St Mary Redcliffe and Temple School
|Motto||A Christian Community Committed To Excellence|
|Type||Secondary Voluntary aided|
|Religion||Church of England|
|Founder||Queen Elizabeth I|
|Local authority||Bristol City Council|
|DfE URN||109327 Tables|
|Houses||James, Canynges, Cartwright, Colston, Francombe|
St Mary Redcliffe and Temple School (informally referred to as 'St Mary Redcliffe', 'Redcliffe' or 'SMRT') is a Church of England voluntary aided school situated in the district of Redcliffe, Bristol, England. The school was formed by a merger of Redcliffe Boys School and Temple Colston school; the former of which was founded in 1571. It provides education for approximately 1,500 students aged 11 to 18. The school's Church is St Mary Redcliffe and it is the only Church of England School for the Diocese of Bristol. The headteacher is Elisabeth Gilpin and the Director of Sixth Form is Richard Wheeler.
St Mary Redcliffe school was founded as Queen Elizabeth's Free Grammar and Writing School by letters patent on 30 June 1571 when it was granted a Royal charter by Elizabeth I. The charter granted the parishioners of St Mary Redcliffe Church the Chapel of the Holy Ghost for the establishment of the school; the building had previously belonged to the Hospital of St John the Baptist, a religious foundation in Redcliffe but had been confiscated by the Crown during the Dissolution of the Monasteries. The building was located in the Churchyard of St Mary Redcliffe, near the south porch and being 56 feet by 26 feet. The charter made the provision for one master and one under-master, supervised by twelve governors and for the 'education, teaching and instruction of boys and youth in grammar and learning'. It received an endowment from John Whitson in 1627. In the 1760s the school building was torn down as it was felt it spoilt the view of the church, and with the acceptance of the Bishop of Bristol, Thomas Newton the school moved into the Lady Chapel in the east end of the church. The school was recorded in 1839 as possessing a statue its founder Elizabeth I.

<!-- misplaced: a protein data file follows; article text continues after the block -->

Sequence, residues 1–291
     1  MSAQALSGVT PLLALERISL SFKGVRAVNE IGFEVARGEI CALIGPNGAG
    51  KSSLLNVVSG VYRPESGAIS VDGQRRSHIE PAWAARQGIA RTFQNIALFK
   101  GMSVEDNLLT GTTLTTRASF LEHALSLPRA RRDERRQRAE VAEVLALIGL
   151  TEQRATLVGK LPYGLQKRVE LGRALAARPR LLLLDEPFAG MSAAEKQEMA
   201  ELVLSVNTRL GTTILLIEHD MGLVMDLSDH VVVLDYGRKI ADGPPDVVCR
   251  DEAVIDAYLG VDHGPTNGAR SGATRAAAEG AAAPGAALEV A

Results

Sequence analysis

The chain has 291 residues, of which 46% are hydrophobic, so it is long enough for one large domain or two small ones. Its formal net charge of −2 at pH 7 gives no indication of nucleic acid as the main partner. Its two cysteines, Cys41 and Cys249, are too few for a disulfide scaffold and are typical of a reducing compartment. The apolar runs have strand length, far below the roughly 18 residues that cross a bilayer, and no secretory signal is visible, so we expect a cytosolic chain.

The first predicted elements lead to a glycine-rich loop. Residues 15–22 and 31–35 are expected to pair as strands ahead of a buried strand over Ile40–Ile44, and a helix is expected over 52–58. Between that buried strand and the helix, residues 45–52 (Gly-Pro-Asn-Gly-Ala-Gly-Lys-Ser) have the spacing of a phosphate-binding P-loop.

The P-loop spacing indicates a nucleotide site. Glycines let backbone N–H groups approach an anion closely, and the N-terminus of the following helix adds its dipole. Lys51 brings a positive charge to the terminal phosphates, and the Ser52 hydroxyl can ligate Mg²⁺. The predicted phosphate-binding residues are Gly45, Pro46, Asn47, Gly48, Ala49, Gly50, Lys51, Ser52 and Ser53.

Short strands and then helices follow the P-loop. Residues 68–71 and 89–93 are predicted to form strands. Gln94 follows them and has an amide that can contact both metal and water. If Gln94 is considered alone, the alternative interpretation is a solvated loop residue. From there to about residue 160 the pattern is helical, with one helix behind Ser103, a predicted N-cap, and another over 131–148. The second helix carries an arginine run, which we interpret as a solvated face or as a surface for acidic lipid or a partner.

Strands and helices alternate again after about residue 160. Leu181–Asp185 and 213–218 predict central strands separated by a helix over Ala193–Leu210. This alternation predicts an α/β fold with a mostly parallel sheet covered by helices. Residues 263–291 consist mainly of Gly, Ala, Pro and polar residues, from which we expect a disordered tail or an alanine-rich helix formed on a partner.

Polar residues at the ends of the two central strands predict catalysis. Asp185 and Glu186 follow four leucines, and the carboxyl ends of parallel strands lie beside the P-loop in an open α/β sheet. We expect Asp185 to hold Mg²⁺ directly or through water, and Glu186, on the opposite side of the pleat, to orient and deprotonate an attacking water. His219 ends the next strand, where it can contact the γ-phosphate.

The 1828 Charity Commission report inspected the school and found that there had been no free scholars on the schools foundation, and not more than one private scholar, since the appointment of the then current master in 1813; and conclude that the school had been of little benefit to the parish for over thirty years. They recommended that the school should be revived. The 1864 Schools Inquiry Commission, often known as the Taunton Report, inspected the school and reported that the Grammar School had ceased to have any visible existence, and the schools endowments from the Church and John Whitson were accumulating as there was no school or master for them to be given to. The report recommended that the funds allotted to the school instead be given to Bristol Grammar School.
In the latter half of the 19th century The Redcliffe Endowed Boys School occupied a site on east side of Redcliffe Hill in a mixture of individual buildings of varying age.
Colston's Free School in Temple street was founded by Arthur Bedford, the vicar of Temple Church in 1709. In 1711 Edward Colston endowed it with an annual fund of £80 for the education and clothing of forty boys of the parish and erected a schoolhouse. In an 1841 report of the Charity Commission the teaching provided is said to be in reading, writing, ciphering and the Church catechism. The school later opened to girls as well.
In Redcliffe Boys School merged with Temple Colston School in 1969, creating the co-educational St Mary Redcliffe and Temple school as a comprehensive voluntary aided school, and both moved to a new building at the current Somerset Square site.
In 2008, the school was awarded funding for a substantial rebuild of its main site, under the government's Building schools for the future programme. The construction company Skanska began work on 1 May 2009 and the new school was formally opened to students on 5 November 2010. Over the course of the 18 months much of the existing site was demolished, with new facilities being built to house science, mathematics, English, design technology, music, art photography and physical education.